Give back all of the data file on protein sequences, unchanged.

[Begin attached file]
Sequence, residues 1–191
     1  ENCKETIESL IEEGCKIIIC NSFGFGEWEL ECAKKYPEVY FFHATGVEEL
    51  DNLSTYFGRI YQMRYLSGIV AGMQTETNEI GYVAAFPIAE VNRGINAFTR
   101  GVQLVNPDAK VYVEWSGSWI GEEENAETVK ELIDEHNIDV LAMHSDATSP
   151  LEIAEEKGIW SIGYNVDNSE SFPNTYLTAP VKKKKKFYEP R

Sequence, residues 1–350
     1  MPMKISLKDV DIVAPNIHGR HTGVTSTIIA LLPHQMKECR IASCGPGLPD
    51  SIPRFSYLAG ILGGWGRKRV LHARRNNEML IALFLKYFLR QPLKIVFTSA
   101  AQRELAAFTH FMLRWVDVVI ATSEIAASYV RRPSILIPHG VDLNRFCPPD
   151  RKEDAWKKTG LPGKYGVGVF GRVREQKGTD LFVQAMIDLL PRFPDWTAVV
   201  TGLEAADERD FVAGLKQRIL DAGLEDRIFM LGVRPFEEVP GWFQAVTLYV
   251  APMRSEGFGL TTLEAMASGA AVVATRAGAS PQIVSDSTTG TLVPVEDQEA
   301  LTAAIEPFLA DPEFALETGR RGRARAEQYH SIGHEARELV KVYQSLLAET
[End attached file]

Sequence, residues 1–191
     1  ENCKETIESL IEEGCKIIIC NSFGFGEWEL ECAKKYPEVY FFHATGVEEL
    51  DNLSTYFGRI YQMRYLSGIV AGMQTETNEI GYVAAFPIAE VNRGINAFTR
   101  GVQLVNPDAK VYVEWSGSWI GEEENAETVK ELIDEHNIDV LAMHSDATSP
   151  LEIAEEKGIW SIGYNVDNSE SFPNTYLTAP VKKKKKFYEP R

Sequence, residues 1–350
     1  MPMKISLKDV DIVAPNIHGR HTGVTSTIIA LLPHQMKECR IASCGPGLPD
    51  SIPRFSYLAG ILGGWGRKRV LHARRNNEML IALFLKYFLR QPLKIVFTSA
   101  AQRELAAFTH FMLRWVDVVI ATSEIAASYV RRPSILIPHG VDLNRFCPPD
   151  RKEDAWKKTG LPGKYGVGVF GRVREQKGTD LFVQAMIDLL PRFPDWTAVV
   201  TGLEAADERD FVAGLKQRIL DAGLEDRIFM LGVRPFEEVP GWFQAVTLYV
   251  APMRSEGFGL TTLEAMASGA AVVATRAGAS PQIVSDSTTG TLVPVEDQEA
   301  LTAAIEPFLA DPEFALETGR RGRARAEQYH SIGHEARELV KVYQSLLAET